In yet another token concession to those concerned with repeated trauma of concussions on NFL players, Commissioner Roger Goodell announced a new initiative “intended to increase the safety of the game, specifically by preventing, diagnosing and treating head injuries.”
As reported by CNN, Goodell said:
. . . the league and its 32 club owners will provide $100 million in support of engineering advancements and medical research — in addition to the $100 million previously pledged by the league to medical and neuroscience research.
The Play Smart Play Safe initiative also requires hiring a physician to serve as the league’s chief medical officer. The physician will work with each team’s medical staff and establish an independent scientific advisory board to consider head injury research proposals.
Concussions and, more importantly, chronic traumatic encephalopathy ( or”CTE’) continues to be a subject that is only whispered about behind closed doors at the NFL. Nevertheless, it is a problem that will not soon disappear and SFTT remains hopeful that researchers will be able to improve the safety of the game and provide insights into how this horrific “sport” injury can be prevented and, hopefully, treated more effectively.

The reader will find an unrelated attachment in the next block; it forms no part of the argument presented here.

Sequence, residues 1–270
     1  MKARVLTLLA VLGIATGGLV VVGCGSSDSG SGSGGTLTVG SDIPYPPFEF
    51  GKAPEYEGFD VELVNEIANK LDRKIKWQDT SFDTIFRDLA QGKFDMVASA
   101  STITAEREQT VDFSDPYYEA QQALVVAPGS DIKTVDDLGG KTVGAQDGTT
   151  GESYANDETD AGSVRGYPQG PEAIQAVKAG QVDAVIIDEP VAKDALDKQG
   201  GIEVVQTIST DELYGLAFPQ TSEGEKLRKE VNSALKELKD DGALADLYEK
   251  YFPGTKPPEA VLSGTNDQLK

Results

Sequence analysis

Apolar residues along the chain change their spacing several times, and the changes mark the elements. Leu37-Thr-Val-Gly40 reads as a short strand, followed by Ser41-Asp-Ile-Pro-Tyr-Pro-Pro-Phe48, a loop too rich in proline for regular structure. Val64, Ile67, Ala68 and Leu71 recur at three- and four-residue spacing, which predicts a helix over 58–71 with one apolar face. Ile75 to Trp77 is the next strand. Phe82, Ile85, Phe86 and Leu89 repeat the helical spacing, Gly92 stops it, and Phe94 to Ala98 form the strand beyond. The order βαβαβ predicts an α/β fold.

While the NFL has been slow to address this problem, the Department of Defense and the Department of Veterans Affairs (the “VA”) have been even slower. Consider what SFTT stated in March, 2016 in its article entitled “NFL Preempts Veterans with Brain Injuries“:
With hundreds of thousand of Veterans suffering from brain trauma, isn’t it about time our political and military leadership quit burying their heads in the sands and deflect public scrutiny by investigating the NFL, which has Congressional immunity from antitrust regulation? What a strange but convenient retreat for our feckless political leadership.
If the NFL owners had any sense, they would embrace the battle against brain trauma and work with the military to help both its gladiators and the brave men and women suffering from PTSD. Indeed, this public relations initiative could help deflect “public” outrage and provide the medical profession and others with the resources and impetus to deal with the silent wounds of war.
While the causes of brain trauma are different, shared research could go a long way in helping both Veterans and NFL players deal with the problems of repeated concussions. No one expects easy answers, but the military has collected a wealth of data on concussions over the last six years from sensors implanted in helmets of soldiers serving in combat.
The first step in solving a problem is to admit you have a problem. Sadly, both the NFL, the VA and the DoD have been slow to address this most serious problem and one wonders how committed either organization is to do so.